If you are interested in presenting, please send a proposal of no more than 300 words to Professor Megan Carpenter, Director of Texas A&M CLIP, at by October 29, 2013.

From IP and IT Conferences

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2014 International Legal Ethics Conference VI 

The Organizing Committee is pleased to be hosting this conference in London, United Kingdom from July 10 – 12, 2014 at City Law School London.1 It is situated in central London. The main Conference events will take place on the Northampton Square campus in Clerkenwell close to London’s theatres, museums and restaurants. The dinner on Friday evening will be in the Great Hall, Inner Temple.

“Legal Ethics at a Time of Regulatory Change”
Call for Papers

Proposals for presenting a paper or panel are invited from scholars from all disciplines, legal professionals, judges and students. Presenters are encouraged to submit papers within one of the following streams:

Culture, Technology, Ethics and Society
Empirical Approaches to Legal Ethics
Philosophy and Legal Ethics
Regulation of the Profession(s)
Ethics and Legal Education

The Conference will be organised into sessions of 90 minutes each. Normally, three papers will be presented in any one session. Alternatively, a proposal for a Panel involving discussion or other formats will be considered.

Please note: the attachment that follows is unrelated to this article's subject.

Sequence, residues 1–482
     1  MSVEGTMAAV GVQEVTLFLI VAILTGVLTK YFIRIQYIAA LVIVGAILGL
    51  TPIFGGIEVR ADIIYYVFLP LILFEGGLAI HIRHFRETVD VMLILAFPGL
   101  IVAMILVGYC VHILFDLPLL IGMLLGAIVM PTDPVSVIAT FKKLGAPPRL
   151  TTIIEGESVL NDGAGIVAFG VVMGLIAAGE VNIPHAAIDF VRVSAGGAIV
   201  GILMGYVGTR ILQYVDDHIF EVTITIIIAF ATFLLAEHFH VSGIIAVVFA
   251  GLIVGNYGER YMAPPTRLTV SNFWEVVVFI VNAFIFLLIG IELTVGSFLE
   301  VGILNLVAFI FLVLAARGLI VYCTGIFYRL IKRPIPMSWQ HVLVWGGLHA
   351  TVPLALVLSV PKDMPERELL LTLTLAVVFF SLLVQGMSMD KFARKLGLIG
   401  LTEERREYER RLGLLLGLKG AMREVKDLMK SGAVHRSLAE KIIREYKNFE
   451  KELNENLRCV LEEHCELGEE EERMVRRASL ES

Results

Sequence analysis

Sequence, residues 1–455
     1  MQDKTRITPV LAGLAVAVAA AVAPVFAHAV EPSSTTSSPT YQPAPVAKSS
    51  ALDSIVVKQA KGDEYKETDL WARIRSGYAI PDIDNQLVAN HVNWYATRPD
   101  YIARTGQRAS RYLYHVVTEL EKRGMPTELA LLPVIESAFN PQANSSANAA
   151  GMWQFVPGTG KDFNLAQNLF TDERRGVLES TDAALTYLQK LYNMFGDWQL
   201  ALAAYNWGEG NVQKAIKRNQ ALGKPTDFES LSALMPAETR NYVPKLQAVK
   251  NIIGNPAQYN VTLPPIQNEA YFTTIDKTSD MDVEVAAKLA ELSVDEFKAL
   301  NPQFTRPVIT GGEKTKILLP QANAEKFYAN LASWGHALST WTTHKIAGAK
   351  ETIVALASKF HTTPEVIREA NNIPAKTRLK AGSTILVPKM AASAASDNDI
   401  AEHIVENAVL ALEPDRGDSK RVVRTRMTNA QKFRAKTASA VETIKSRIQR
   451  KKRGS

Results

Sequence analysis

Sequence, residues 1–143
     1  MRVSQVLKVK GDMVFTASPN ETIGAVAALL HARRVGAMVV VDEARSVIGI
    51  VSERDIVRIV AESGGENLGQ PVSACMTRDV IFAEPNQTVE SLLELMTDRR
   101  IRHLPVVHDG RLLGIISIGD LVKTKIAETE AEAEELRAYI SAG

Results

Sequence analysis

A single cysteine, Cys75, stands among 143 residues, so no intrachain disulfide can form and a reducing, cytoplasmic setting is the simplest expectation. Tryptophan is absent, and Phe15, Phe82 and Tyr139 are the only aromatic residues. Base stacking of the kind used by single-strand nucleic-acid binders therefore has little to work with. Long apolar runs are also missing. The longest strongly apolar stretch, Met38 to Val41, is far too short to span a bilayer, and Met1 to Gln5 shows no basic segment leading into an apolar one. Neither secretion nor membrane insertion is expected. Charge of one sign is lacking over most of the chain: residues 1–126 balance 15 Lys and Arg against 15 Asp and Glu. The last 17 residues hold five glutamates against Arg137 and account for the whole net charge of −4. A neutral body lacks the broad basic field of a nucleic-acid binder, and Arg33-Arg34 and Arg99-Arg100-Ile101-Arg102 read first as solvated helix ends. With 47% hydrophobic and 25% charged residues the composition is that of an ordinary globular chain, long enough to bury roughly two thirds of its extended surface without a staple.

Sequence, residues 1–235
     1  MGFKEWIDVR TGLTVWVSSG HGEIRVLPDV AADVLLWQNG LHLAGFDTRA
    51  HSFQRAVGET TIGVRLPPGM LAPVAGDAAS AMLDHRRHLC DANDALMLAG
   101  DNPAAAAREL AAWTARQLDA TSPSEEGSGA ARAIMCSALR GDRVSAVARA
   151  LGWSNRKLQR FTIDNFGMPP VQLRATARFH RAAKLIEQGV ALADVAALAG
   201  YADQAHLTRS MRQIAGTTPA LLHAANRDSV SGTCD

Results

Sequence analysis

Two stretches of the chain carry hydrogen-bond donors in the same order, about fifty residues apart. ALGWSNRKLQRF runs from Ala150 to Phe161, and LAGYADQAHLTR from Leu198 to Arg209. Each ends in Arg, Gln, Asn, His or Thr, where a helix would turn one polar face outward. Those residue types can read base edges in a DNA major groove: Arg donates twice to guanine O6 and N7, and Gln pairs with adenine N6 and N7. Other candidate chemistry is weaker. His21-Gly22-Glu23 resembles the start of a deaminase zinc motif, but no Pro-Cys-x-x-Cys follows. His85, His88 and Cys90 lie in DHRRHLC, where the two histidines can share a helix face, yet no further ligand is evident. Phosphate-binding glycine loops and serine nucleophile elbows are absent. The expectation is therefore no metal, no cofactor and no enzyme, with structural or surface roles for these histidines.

Proposals for a paper or for a panel should include an abstract of between 100 and 250 words. If the proposal is for a panel, the name of the panellists should also be identified. Abstracts should include title, author/s and institutional affiliations. Up to five key words should also be provided at the end of the abstract.

Proposals should either indicate the stream in which the paper or panel is to be presented or identify with clarity an alternative theme within which the proposal sits.

In order to accommodate a diverse group of presenters, participants should not present in more than two events.

The deadline date for proposals is January 31, 2014.